Cognitive restructuring means changing the way you think.
When you’re angry, your thinking can get overly dramatic. When something goes wrong, you might tell yourself, “Everything’s ruined! Every is f***ed up!”
With cognitive restructuring, you replace those kinds of thoughts with more reasonable ones. You might tell yourself instead, “This is frustrating, but it’s not the end of the world.”
Try these strategies:
- Avoid words like “never” or “always” when talking about yourself or others. Statements like “This never works” or “You’re always forgetting things” make you feel your anger is justified and there’s no way to solve the problem. Such statements also alienate and humiliate people who might otherwise be willing to work with you on a solution.
- Focus on goals. Say you have a friend who’s constantly late when you get together. Don’t go on the attack. Instead, think about what you want to accomplish. State the problem and then try to find a solution that works for both of you. If that doesn’t work, take matters into your own hands. You might tell your friend to meet you half an hour earlier than you plan to arrive, so that he or she will get there when you do. Either way, the problem is solved — without damaging the friendship.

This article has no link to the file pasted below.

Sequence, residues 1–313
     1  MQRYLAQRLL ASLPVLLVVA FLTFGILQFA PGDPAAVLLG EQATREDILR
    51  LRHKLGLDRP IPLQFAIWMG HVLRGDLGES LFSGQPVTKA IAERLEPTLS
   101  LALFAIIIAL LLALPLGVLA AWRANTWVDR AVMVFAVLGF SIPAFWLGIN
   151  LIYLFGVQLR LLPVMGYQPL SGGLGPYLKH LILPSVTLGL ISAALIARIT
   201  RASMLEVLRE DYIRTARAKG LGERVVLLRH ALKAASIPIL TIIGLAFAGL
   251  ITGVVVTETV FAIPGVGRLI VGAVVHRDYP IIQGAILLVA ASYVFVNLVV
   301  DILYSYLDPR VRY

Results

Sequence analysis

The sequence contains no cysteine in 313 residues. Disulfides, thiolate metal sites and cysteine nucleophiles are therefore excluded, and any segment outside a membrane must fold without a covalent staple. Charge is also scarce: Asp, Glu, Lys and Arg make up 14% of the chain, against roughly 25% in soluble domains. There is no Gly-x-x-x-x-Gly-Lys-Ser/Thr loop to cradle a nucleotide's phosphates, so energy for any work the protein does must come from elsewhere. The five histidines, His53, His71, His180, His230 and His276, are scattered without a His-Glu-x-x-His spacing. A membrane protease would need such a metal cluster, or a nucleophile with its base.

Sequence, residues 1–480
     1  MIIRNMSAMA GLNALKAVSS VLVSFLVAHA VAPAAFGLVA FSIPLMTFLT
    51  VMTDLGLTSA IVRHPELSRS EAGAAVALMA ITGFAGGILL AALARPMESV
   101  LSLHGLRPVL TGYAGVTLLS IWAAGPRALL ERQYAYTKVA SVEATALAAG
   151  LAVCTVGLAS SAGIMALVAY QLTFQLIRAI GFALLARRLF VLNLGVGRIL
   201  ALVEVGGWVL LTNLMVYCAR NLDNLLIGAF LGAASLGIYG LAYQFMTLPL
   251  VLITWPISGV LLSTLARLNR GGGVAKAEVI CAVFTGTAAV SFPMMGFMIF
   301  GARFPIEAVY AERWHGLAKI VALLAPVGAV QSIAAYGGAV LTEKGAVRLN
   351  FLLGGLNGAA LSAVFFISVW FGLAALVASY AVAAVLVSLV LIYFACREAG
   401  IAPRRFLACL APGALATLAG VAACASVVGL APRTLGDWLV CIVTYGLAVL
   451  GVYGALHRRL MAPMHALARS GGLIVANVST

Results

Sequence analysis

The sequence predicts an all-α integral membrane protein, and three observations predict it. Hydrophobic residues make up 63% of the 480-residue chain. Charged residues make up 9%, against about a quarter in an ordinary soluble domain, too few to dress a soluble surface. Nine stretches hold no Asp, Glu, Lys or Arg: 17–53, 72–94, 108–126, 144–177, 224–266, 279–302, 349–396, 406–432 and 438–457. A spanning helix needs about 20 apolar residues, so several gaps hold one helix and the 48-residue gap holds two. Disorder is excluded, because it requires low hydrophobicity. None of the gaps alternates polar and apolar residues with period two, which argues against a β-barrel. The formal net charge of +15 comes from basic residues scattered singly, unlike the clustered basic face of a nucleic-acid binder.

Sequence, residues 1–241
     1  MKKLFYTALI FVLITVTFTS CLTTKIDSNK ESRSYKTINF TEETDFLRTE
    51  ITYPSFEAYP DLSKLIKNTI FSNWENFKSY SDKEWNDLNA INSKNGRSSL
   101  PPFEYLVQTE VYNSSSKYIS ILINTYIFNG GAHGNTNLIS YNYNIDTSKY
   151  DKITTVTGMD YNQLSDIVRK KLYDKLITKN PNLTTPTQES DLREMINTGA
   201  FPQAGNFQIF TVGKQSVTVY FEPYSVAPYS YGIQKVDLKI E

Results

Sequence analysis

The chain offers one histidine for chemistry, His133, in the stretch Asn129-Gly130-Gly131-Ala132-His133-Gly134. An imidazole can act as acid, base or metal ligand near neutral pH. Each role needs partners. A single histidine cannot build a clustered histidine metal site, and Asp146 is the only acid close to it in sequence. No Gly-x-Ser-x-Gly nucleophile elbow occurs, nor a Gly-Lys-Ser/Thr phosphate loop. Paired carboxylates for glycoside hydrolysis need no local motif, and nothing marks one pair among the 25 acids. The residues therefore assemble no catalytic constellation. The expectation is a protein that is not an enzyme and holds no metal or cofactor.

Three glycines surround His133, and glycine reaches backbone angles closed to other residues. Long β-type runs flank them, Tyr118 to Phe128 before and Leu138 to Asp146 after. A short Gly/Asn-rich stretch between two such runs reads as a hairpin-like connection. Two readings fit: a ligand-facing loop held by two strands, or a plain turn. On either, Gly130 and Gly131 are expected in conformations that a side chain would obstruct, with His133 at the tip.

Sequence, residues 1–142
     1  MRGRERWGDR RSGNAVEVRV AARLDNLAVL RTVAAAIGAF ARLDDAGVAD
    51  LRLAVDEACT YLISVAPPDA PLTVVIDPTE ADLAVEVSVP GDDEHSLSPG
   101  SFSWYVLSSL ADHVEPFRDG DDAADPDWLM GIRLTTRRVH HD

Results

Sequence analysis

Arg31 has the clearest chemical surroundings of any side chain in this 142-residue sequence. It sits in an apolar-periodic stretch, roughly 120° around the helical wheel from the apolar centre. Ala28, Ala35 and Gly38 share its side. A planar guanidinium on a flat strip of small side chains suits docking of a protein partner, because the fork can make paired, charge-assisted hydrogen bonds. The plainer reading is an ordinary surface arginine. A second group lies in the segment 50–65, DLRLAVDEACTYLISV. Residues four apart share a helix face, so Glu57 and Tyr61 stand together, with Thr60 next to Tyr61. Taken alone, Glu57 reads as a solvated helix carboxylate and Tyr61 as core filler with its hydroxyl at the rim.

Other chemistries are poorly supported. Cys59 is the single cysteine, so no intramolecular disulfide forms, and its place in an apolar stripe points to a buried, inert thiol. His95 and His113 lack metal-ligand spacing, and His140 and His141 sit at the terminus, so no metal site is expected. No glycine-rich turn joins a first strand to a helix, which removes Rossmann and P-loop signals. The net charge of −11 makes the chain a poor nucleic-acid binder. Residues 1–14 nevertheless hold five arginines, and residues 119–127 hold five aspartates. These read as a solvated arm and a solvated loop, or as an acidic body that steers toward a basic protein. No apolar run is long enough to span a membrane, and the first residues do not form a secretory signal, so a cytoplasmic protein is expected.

- Use logic. Even when it’s justified, anger can quickly become irrational. Remind yourself that the world is not out to get you and that you’re just experiencing one of life’s inevitable rough spots. Do this each time you start feeling angry, and you’ll get a more balanced perspective.
- Translate expectations into desires. Angry people tend to demand things, whether it’s fairness, appreciation, agreement, or just the willingness to do things their way. We are all hurt, disappointed, and frustrated when we don’t get what we want, but don’t let disappointment turn into anger. Some people use anger as a way to avoid feeling hurt, but that doesn’t make the hurt go away. Instead, become aware of your demanding nature and change your demands into requests. Saying you would like something is healthier than saying you must have it.
Credit: American Psychological Association
See more: http://www.apa.org/helpcenter/controlling-anger.aspx